Is the whole greater than the sum of its parts?
With respect to integrated marketing, the answer is definitely yes.
Consider, for example, the recent Domino’s Pizza brand’s revamp. Even die-hard loyalists had begun to complaint that their pizza base has started tasting like cardboard and ketchup. Domino’s took its changes and rolled out a campaign on the theme of ‘truly listening to their customers’ and they started distributing it on all media channels.
On television, they zeroed-in on customer reviews, both good and bad, and the various pizza flavours thought of by Domino’s employees around the country. They also invited feedback from customers through Facebook, Twitter etc. They offered apps where customers could build their own pizzas for delivery. The campaign was strategic, well-concived, integrated, and most of all, successful.
The simplest definition of an integrated campaign is one that work across channels – digital, TV, print and outdoor. The campaign does not necessarily have to be the same, but essentially similar in its core messaging, to earn the epitaph of an integrated campaign. This is more challenging than you can imagine, as different consumers consumer different media, differently.
Take for instance, the ‘You’re not you when your hungry’ Snickers campaign conceived by Mediacom. This You Tube video explains how the campaign got integrated and executed across media, while the core messaging remained the same. Celebrities were roped in, namely Katie Price and Rio Ferdinand to tweet tongue-in-cheek messages for cross-media interest. The outcome? The Snicker digital campaign created more media value than imagined, was actively shared across channels and contributed almost 50% to the sales, claimed the company.
Recently, Coca-Cola launched ‘Coca-Cola Life’ in the same category as Coke Zero and Diet Coke, globally, accompanied by a month-long integrated campaign.
Rolled out across 7,000 outdoor locations as bus and digital screen ads, supported by print exposure, experiential and point of sale activity, the response to the campaign has been largely positive. To create further buzz, it encouraged consumers to enter a competition by sharing a Coca-Cola Life moment picture online with the use of hashtags #CocaColaLife and #comp.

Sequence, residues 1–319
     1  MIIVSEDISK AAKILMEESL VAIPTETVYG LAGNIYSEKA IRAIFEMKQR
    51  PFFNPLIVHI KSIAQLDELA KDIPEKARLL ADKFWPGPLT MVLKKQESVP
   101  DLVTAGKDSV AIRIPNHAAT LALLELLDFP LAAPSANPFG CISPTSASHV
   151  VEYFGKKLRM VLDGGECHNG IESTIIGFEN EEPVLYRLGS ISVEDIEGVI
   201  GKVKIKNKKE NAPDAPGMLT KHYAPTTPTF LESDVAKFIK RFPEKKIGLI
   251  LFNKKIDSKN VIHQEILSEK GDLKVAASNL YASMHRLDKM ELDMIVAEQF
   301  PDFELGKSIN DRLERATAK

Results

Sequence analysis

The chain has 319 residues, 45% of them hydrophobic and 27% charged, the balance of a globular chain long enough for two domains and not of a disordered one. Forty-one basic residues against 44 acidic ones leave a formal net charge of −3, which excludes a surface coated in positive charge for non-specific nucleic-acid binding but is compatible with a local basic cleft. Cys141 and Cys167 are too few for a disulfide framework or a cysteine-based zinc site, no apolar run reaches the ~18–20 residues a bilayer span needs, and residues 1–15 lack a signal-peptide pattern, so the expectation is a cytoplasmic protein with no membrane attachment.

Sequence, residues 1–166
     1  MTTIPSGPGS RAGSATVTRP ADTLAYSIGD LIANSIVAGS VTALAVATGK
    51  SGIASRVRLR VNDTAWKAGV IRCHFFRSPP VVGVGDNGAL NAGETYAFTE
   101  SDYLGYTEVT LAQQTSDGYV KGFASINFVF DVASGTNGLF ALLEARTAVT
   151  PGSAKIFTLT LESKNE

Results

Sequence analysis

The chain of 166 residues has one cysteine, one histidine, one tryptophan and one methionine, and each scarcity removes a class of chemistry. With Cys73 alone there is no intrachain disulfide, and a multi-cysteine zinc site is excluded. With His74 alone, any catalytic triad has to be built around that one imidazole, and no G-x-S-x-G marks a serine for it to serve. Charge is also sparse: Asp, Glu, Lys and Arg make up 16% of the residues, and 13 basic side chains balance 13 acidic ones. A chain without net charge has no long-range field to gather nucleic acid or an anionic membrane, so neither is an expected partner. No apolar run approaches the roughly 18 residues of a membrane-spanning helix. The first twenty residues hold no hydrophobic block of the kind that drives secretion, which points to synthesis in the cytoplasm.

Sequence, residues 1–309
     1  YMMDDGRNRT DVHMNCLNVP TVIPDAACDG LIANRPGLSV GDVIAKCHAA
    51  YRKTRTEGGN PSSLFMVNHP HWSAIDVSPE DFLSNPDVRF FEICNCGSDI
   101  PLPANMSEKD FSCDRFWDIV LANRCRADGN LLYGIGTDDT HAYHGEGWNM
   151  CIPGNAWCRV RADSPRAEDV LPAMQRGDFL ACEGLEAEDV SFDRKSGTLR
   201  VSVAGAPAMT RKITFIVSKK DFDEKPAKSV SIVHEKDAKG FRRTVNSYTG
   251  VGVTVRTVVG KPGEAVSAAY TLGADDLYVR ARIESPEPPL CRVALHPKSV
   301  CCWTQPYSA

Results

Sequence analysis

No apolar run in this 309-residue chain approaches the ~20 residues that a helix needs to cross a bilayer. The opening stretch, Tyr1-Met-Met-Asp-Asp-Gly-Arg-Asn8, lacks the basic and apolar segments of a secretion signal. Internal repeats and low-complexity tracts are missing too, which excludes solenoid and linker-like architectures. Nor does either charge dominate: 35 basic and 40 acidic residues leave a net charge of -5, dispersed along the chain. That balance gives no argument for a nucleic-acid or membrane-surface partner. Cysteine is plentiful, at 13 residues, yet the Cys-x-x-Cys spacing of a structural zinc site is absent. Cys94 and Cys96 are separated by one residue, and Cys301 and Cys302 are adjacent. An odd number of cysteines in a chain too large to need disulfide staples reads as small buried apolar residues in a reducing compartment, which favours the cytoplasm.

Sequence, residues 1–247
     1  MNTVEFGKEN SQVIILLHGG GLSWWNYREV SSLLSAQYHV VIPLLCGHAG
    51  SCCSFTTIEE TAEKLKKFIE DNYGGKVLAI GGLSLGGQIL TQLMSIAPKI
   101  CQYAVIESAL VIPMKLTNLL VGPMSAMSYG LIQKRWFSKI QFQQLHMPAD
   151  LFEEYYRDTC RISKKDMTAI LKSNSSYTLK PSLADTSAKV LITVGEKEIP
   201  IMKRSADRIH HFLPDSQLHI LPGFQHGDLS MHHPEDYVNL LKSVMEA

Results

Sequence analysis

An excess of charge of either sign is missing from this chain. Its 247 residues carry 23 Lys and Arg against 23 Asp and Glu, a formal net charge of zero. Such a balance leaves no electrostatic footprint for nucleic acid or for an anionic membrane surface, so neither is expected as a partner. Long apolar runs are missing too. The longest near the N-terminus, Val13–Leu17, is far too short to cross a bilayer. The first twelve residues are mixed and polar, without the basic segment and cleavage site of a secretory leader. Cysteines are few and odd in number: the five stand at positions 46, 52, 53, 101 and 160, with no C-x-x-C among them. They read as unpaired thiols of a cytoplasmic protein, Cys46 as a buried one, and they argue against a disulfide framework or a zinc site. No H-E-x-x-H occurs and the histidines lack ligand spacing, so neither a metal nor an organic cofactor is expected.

Meanwhile, Hershey’s Simple Pleasures out-of-the-box virtual campaign – good taste and less fat innovatively combines the use of traditional media (bloggers, newspapers, wires and magazines) with a custom-made Facebook tab and iPad app where visitors can declare their ‘Sweet Independence’ and win a coupon in reward that would get them entitled to a road tour to 10 cities, followed by a 70-blog tour through The Motherhood with a Twitter party #hsysimplepleasures made it the No. 1 trending topic on the micro-blogging site.
This is not all. Some fast moving consumer goods (FMCGs), banking, finance and automobile companies are also introducing mobile apps that integrate with myriad social platforms, and ropes in the pull factor of bloggers and influencers to make the campaign go viral. Ping Pay—an application by Axis Bank for instance – enables customers to send, ask for and receive money via Twitter, Facebook, WhatsApp, email and SMS.
Meanwhile, in another part of the globe, a brand new make of a car suspended 35 metres over London’s South Bank (The brainwave of Auto Trader) gave car enthusiasts in Britain the never-before chance to win a SEAT Mii. Over 12,000 Tweeters mentioned participated in the #winMiiwithAThashtag, while positive and negative response raised and lowered the car (as per the reviewers rating) throughout the day, while driving almost 14m visitors to Auto Trader’s various platforms till one actually won the bait and drove home in the gleaming new car !
You can watch all the live action here.
Eventually, there’s a message in integrated marketing – no matter what channel you choose in your media mix – if you are consistent in your messaging, you will hit the bull’s eye.
Give it a try, folks, to get it right.